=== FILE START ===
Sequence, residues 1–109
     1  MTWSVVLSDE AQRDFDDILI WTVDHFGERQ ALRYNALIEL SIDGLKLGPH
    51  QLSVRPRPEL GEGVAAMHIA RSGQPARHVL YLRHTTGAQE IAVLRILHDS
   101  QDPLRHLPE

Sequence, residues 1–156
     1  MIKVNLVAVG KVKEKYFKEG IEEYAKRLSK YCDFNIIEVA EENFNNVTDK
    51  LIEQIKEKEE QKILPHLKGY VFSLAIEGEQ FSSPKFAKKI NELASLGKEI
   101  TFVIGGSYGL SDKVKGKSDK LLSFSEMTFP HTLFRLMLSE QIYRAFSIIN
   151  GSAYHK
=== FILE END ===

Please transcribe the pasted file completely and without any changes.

Sequence, residues 1–109
     1  MTWSVVLSDE AQRDFDDILI WTVDHFGERQ ALRYNALIEL SIDGLKLGPH
    51  QLSVRPRPEL GEGVAAMHIA RSGQPARHVL YLRHTTGAQE IAVLRILHDS
   101  QDPLRHLPE

Sequence, residues 1–156
     1  MIKVNLVAVG KVKEKYFKEG IEEYAKRLSK YCDFNIIEVA EENFNNVTDK
    51  LIEQIKEKEE QKILPHLKGY VFSLAIEGEQ FSSPKFAKKI NELASLGKEI
   101  TFVIGGSYGL SDKVKGKSDK LLSFSEMTFP HTLFRLMLSE QIYRAFSIIN
   151  GSAYHK